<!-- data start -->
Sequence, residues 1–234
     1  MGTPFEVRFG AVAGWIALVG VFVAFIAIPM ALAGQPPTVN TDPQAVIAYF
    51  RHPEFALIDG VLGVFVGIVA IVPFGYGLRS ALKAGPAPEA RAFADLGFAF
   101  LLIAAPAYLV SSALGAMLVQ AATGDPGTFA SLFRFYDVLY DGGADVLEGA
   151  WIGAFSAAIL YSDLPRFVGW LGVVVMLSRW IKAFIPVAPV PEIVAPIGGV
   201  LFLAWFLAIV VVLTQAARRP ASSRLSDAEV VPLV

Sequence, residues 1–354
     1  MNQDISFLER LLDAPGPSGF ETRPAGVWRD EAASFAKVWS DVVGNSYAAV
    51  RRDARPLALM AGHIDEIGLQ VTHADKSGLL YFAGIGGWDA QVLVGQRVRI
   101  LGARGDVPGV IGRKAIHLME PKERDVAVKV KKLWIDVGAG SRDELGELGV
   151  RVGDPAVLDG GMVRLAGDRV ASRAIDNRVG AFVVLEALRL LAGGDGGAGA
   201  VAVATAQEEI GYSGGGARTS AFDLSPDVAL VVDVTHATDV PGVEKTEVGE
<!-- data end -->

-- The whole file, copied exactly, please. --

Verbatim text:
Sequence, residues 1–234
     1  MGTPFEVRFG AVAGWIALVG VFVAFIAIPM ALAGQPPTVN TDPQAVIAYF
    51  RHPEFALIDG VLGVFVGIVA IVPFGYGLRS ALKAGPAPEA RAFADLGFAF
   101  LLIAAPAYLV SSALGAMLVQ AATGDPGTFA SLFRFYDVLY DGGADVLEGA
   151  WIGAFSAAIL YSDLPRFVGW LGVVVMLSRW IKAFIPVAPV PEIVAPIGGV
   201  LFLAWFLAIV VVLTQAARRP ASSRLSDAEV VPLV

Sequence, residues 1–354
     1  MNQDISFLER LLDAPGPSGF ETRPAGVWRD EAASFAKVWS DVVGNSYAAV
    51  RRDARPLALM AGHIDEIGLQ VTHADKSGLL YFAGIGGWDA QVLVGQRVRI
   101  LGARGDVPGV IGRKAIHLME PKERDVAVKV KKLWIDVGAG SRDELGELGV
   151  RVGDPAVLDG GMVRLAGDRV ASRAIDNRVG AFVVLEALRL LAGGDGGAGA
   201  VAVATAQEEI GYSGGGARTS AFDLSPDVAL VVDVTHATDV PGVEKTEVGE